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101researchcoffee(3)-1

101researchcoffee(3)-1 - fl Garawyn McGill May 6 20...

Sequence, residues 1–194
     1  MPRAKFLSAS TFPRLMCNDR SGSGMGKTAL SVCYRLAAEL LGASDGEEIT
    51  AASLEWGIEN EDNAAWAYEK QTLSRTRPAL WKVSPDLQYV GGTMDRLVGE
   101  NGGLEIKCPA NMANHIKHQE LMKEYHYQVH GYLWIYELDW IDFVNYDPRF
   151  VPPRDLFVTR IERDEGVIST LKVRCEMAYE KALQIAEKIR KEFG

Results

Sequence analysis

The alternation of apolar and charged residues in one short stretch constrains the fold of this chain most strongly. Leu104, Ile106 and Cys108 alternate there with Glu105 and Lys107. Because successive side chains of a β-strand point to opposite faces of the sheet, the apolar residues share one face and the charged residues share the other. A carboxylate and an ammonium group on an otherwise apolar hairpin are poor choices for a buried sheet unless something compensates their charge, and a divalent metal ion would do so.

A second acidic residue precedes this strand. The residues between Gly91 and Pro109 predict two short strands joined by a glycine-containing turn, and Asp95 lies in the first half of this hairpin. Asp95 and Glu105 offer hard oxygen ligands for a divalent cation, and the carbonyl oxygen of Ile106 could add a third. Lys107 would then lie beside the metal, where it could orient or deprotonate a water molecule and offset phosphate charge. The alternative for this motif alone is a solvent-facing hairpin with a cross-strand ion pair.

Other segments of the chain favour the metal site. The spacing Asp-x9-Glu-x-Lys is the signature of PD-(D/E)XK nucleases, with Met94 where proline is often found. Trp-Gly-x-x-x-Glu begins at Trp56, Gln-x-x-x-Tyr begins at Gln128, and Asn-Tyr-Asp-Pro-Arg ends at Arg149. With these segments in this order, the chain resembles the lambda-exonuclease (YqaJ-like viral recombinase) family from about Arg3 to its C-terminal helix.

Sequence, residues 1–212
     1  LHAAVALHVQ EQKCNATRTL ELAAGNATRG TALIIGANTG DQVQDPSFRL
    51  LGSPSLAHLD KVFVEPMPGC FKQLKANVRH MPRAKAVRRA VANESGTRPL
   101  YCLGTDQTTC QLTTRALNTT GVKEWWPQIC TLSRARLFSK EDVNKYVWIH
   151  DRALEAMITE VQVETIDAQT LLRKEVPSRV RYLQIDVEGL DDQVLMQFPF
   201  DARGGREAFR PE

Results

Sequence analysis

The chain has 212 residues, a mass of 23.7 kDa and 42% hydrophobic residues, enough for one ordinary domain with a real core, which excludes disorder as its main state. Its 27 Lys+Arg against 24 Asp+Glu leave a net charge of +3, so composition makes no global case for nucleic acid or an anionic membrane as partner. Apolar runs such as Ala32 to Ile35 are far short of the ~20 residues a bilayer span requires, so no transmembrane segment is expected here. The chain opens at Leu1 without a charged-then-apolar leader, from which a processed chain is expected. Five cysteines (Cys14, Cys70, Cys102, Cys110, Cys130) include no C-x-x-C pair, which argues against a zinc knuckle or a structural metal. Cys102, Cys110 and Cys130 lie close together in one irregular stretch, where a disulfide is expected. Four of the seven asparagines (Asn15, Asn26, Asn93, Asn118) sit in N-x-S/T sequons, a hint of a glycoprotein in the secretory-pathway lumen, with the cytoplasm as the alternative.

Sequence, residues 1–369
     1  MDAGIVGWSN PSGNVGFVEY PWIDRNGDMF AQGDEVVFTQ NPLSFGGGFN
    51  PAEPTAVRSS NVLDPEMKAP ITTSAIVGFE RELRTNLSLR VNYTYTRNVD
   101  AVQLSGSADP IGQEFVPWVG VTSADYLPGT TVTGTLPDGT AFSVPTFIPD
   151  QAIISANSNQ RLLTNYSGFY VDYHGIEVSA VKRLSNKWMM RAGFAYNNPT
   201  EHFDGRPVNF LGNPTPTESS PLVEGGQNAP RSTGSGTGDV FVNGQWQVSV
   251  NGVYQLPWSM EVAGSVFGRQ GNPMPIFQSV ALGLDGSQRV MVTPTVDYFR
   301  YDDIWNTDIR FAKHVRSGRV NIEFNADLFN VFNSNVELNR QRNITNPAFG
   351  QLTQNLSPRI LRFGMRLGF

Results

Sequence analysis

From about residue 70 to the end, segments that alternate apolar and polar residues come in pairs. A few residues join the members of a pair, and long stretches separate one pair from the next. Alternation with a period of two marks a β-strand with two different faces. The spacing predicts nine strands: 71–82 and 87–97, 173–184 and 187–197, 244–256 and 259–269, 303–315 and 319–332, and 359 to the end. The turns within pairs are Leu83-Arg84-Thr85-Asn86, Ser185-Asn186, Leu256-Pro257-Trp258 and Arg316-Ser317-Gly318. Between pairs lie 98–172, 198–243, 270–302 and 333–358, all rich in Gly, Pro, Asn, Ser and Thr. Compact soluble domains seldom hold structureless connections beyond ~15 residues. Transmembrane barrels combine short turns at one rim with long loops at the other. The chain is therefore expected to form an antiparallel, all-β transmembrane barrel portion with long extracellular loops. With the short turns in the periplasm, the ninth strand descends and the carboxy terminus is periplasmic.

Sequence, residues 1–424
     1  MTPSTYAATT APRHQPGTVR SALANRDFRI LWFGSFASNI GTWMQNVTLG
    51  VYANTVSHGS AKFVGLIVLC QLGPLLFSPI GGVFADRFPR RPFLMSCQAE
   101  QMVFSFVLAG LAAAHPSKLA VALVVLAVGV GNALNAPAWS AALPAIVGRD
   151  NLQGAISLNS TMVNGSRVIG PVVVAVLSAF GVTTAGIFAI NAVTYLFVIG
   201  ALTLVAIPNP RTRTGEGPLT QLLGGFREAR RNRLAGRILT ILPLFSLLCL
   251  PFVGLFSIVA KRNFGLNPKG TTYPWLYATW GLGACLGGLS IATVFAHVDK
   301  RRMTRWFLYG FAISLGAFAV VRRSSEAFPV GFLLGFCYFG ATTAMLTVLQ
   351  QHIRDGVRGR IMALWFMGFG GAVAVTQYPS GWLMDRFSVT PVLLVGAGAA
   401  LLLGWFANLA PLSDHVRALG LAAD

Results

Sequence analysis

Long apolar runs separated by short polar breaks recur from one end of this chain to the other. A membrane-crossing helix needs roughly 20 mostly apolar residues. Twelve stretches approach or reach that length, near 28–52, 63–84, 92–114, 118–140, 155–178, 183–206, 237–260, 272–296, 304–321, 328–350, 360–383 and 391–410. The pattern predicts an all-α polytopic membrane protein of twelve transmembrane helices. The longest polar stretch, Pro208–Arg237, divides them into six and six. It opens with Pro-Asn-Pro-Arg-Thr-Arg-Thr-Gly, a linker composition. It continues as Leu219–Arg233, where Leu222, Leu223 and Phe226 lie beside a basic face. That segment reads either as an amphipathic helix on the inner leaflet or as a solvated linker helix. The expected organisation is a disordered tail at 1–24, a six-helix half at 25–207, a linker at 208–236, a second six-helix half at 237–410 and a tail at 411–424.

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Unformatted text preview: fl} Garawyn McGill May 6, 20'. Research Paper Final Drafi Kaveh-The Drug Drink Coflee is the way most of the world wakes up and keeps going throughout the day, but should it be? Is coffee the wholesome energy drink that it has recently been touted to be or is it a dangerous toxin? Let us examine the information that historians and medical research have provided us regarding the impact of coffee on health of the individual and the societies that have embraced it over the last millennium to form a conclusion. Caffeine, the active component in cofi'ee, is defined by medical researchers as a drug that Q stimulates the central nervous system that can with persistent use lead to dependency resulting in a resistance requiring higher and higher doses. There is real and substantial physical discomfort upon the discontinued use of this drug with the prevalent withdrawal symptoms being headache, depression, lethargy and sleepiness. That sounds like all the warnings we get for strong often illicit drugs. As a matter of fact, it is a major reason why certain substances are controlled through the medical and pharmaceutical industries or outlawed all together. Cafl'eine and its ever present companion methylxanthine are major components in coffee and let’s admit it, the stimulant efi‘ects of caffeine are really the only reason we drink this bitter stufi‘. But is it harmful? Whether or not this stimulant drug is dangerous to the individual and/or society at large depends on your perspective. Throughout history the effects of coffee on the central nervous system have produced radical violent changes. The Cofiree Book quotes coffee expert and historian William H. Ukers as saying “One of the most interesting facts in the history of the coffee drink is that wherever it has been introduced it has spelled revolution It has been the world’s most radical drink . . ..when people begin to think; they became dangerous to tyrants and to foes of liberty of thought and action.” In fact, it was in a Boston cofi‘eehouse in 1773 that the Boston Tea Party was planned, the result of which was not only a prelude to revolution, but a lingering American preference for cofi‘ee over tea (Digum). Again, the fall of the Bastille on July 14, 1789, marldng the start of the French Revolution, is repon to have begun in the famed Parisian coffeehouse Café Foy when a young journalist named Camille Desmoulins climbed on to a table top and so excited the cafi‘einated crowd with his speech of liberty and revolution that two days later after a frenzy of violent riots the gates of the prison were opened. Now all this sounds exciting with “give me Liberty or give me death” and all that, but not if you were one of the merchants heavily invested in that tea dumped into Boston Harbor, a Tory, a Native American (the British government had forbidden expansion west of the Appalachian Mountains), King George [[1, a fallen or maimed Colonial, British or Hessian soldier, or their families. Most certainly not if you were Louis and Marie Bourbon, or any of their class, the hero of the first wave of revolution Robespierre, or any of the estimated 3 million soldiers and civilians killed throughout Europe over the course of the following twenty years of the French Revolution, and the resulting Napoleonic Wars. It was the Arabs and Turks that first made coffee an industry afier finding it used in Ethiopia, its region of origin, as an aggression and energy stimulant by warriors. They began brewing the roasted beans into a liquid calling it chaube in about 1100-1300 C.E. It caught on so well, and the coffee house became such a part of everyday life throughout the Middle Eastern culture, that when the mufti in Constantinople tried to have it outlawed citing it’s propensity to encourage too free of discussions on subjects such as religion and governance not even sewing offenders into cofi‘ee bags and throwing them into the river discouraged its use. This fanatical devotion to cofi‘ee is credited, in large part, to Islam’s prohibition on alcohol; they get buzzed on caffeine instead of drunk on liquor. What would the prophet Mohammad think had he been around to see the efi‘ects of this new “intoxicating” drink? Coffee, whether it was called kaveh, chaube or bunchum, was considered an essential nutrient of life. “Strong public protests following any ban on coffee or coffeehouses always eventually won out; cofi‘ee was here to stayimigmn) Coffee is and has long been big business. Starting with those early Arab and Turk growers who kept it under lock and key by penalty of death, until one man taped a few germinated beans to his belly and smuggled it out for the Dutch (Pendergast). Today, it is grown in seventy countries across the Southern Hemisphere employing over 20 million workers (W aridel). Raw cofi‘ee production is over 13.6 billion pounds and growing every day, worldwide, that is more than twice the size of the Eiffel Tower (Digum)! These numbers are in production and do not account for the retail workers and revenue generated fi‘om the incorporation of coffee i.e. Starbuck’s which is a modern phenomenon. Is this why there are not warnings of possible health problems even on the few dangerous effects that everyone agrees on such as the adverse neonatal efi‘ects, heart arrhythmias and elevated excitability? Cigarettes and every other ingestible product that the AMA defines as a drug require label warnings. Could the coffee industry be bigger more powerful than was tobacco? So the efi‘ects of coffee as a mood and energy stimulant are obvious, even historical, and require no scientific studies. However, when it comes to disease-specific medical research on coffee, while there are a vast number of studies, there is no consensus. You can find any medical opinion you want to find. There are as many studies stating that coffee is harmless, even beneficial, as there those that condemn it as a toxin. One report of the Journal of the American Medical Association, cited in US. News & World Report, names coffee “a veritable health dri ” Full of anti-oxidants and purported to lower the incidence of certain neurological disorders such as Parkinson’s and Alzheimer’s disease it has begun to shake its old stigma. Yet, it can cause rapid heartbeat and there has been research that shows an association with increased risk of heart attacks. However, those studies have been reviewed and other studies show the correlation to be more an efi‘ect of cigarette smoking accompanying coffee drinking (Healy). Healy’s report goes on to contradict itself, expanding to include in the same JAMA study that, “Researchers found that independent of smoking, two to three cups a day coincided with a 30 percent increase in heart attacks in roughly halfof the coffee drinkers who carry a normal variation of a gene that make a protein formidably named CYP1A2.” This single variant of this gene causes the body to metabolize caffeine slowly increasing the chances of a heart attack up to 64 percent for those who are heavy consumers of 4 or more cups of Joe a day. The final result being that the researchers are “suggesting that moderate coffee intake has a protective effect. In short, it all depends on how your body handles the stufl' (Healy).” . What is even more confusing and intriguing is that the years 1975 thru 1990 tell story a completely difi‘erent story. This time period saw the first research done on the subject with researcher after researcher publishing results that condemned coffee as a definite heart attack risk, independent of cigarette smoking, especially for those who drank five or more cups a day. Now you might think that four or five cups a day is of course excessive, but remember researchers are talking about the defined measure of a cup, that is, 8 ounces. The sizes at your favorite cofi‘ee shop start at 12 ounces and go all the way up to 24 ounces with 16 ounces being the most popular size ordered. Add that to a Diet Coke, which is nearly as heavily caffeinated, or two and you have more than the equivalent of 40 ounces of cafi‘einated drink, or 5 cups. Is there an association with Type H Diabetes? Surely, there are definitive results on such a wide spread and growing threat to the American health. Well, not so much. According to Jonathan D. Beck, M.D., “a Dutch study revealed an inverse association between coffee consumption and risk for diabetes mellitus (Skolnik).” However, a conflicting result was reported in the American Journal of Clinical Nutrition, finding that “The ingestion of caffeinated cofi‘ee with either a high or low glycemic index meal significantly impairs acute blood glucose management and insulin sensitivity (Moisey).” In laymen’s terms, it is a risk factor for diabetes whether you have it say in the morning with either a pastry or with scrambled eggs and sprouted wheat toast. The reports goes on to state that, “the researchers feel that more study is in order to determine if caffeinated cofi‘ee is a risk factor for insulin resistance (Moisey).” Insulin resistance is diabetes. Cancer is triclder. Since there are so many different types of cancer, coffee has come out looking pretty good. It has a clean bill of health so to speak, until that is, you get to breast cancer. The effects of all the compounds of coffee such as methylxanthine are suspect in this disease and its benign but painful cohort fibrocystic breast disease (so common now that it has been down- graded to a “disorder”). Here the war of research takes it up a notch. F ibrocystic breast disease (F BD) occurs in about 10 percent of the adult female population. It causes pain and tenderness especially when menstruating. Those that develop cysts in the dense fibrous tissue have a relative risk of cancer that is four times the normal risk. In 1990 several concurrent studies using biopsies of the efi'ected tissue as a means of diagnoses had shown no substantial evidence that the consumption of coffee was a factor in an increase in symptoms. However, the persistent accounts of patients, nurse practitioners, and physician colleagues attesting to the reduction or even elimination of symptoms upon restriction of any consumable containing methylxanthines, those mainly being cofi‘ee, tea, cocoa, soft drinks and “super” caffeinated drinks like Red Bull, prompted a new study. Instead of biopsies these researchers used the then new technology of mammograms to study the tissue and cysts samples taken from stricken women. The conclusion published in The Nurse Practitioner stated fl'tat, “The severity of the disease and total methylxanthine ingestion was signifith (Bullough).” It is reasonable to conclude that while cafi‘eine increases the amount of urine it may also increase fluid secretion into the cyst increasing pressure and therefore also increasing pain and tenderness. To be balanced in this report, as recently as 2008, the Archives of Internal Medicine presented findings that concluded, “No overall association between caffeine consumption and breast cancer risk (Ishitani).” However, the very next line in the conclusion of that same study states, “The possibility of increased risk in women with benign breast disease or for tumors that are estrogen and progesterone receptor negative or larger than 2 cm warrants further study (Ishitani).” Are you confused yet? It seems that while they found no usual causality between cafi‘eine and FBD or breast cancer, they did suspect, as a good number of other studies have shown, an association with hormone levels. The Journal of Infectious Disease reported findings by researchers Rebecca L. Ferrini and Elizabeth Barrett-Connor stating that. “the positive association of caffeine with estrone and its inverse association with bioavailable testosterone suggests that cafl'eine’s reported association with several chronic conditions may be mediated by an effect on the endogenous sex steroids (Ferrini ” What that means is cafl'eine messes our body’s hormone levels and the absorption of those hormones. It seems reasonable to believe that the proper absorption of healthy levels of hormones and healthy breast are pretty well linked. So there it is, so much scientific study and yet so little real concrete information for the health conscious coffee consumer. One can only guess at what the factors at work that keeps scientists from reaching a solid conclusion. We can put a man on the moon, but we can’t decide if the most widely consumed beverage on the plant helps to facilitate Type H Diabetes or a massive heartache. So, can I have that double cappuccino that my husband has lovingly been making for me nearly every morning for twenty years or and am I risking a radical mastectomy with every sip I take? It seems that the only thing it is probably safe to assume is that there was a lot of Kaveh drinking while Facebooking during the Lotus Revolution these past few months. They have no bread? Let them eat cake and cofi‘ee! Oh wait not coffee, milk. Works Cited Digum, Gregory, and Nina Luttinger. The Coffee Book Anatomy of an Indushyfi'om Crop to the Last Drop. 1st. ed. N.Y., U.S.: The New Press, 1999. Print. Healy, Bernadine. “Reading the Coffee Beans.” US. News & World Report 104.10 (2006): 70. Ivfiddle Search Plus. EBSCO. Web. 22 Mar. 2011. Pendergrast, Mark. Uncommon Grounds: the History of Cofiee and How it Transformed Our World. 1st. ed. N.Y., U.S.: Basic Books, 1999. Print. Skolnik, Neil. "Cofi‘ee drinking and diabetes." Patent Care Mar 2004. 68. Albertsons Library. Web. 19 Mar 2011. <www.patentcareonline.com>. Waridel, Laure. Cofi'ee With Pleasure Just Java and World Trade. lst. ed. Tonawanda, NY: Black Rose Books, 2002. Print. Ishitani, MD, PhD, Ken, Jennifer Lin, PhD, JoAnn Manson, MD, DrPH, Julie Buring, ScD, and Shumin Zhang, MD, ScD. "Cafieme Consumption and the Risk of Breast Cancer in a Large Prospective Cohort of Women." Archives of Internal Medicine. 168.18 (2008): 2022-2031. Print. Ferrini, Rebecca L., and Elizabeth Barrett-Conner. "Caffeine Intake and Endogenous Sex Steroid Levels in Postmenopausal Women The Rancho Berbardo Study." American Journals of Epidemiology. 144.7 (1996): 642-644. Print. Moisey, Lesley L., Sita Kacker, Andrea C. Bickerton, Lindsay E. Robinson, and Terry E. Graham. "Cafi'einated cofiee consumption impairs blood glucose homeostasis in response to high and low glycemic meals in healthy men. " American Journal of Clinical Nutrition. 87.5 (2008): 1254—1261. Print. Bullough, F.N.P., PhD., F.A.A.N., Bonnie, Michele Hindi-Alexander, PhD., and Saleh Fetouh, M.D. "Methylxanthines and Fibrocystic Breast Disease: A Study of Correlation." Nurse Practitioner. 15.3 (1990): 36-37. Print. ...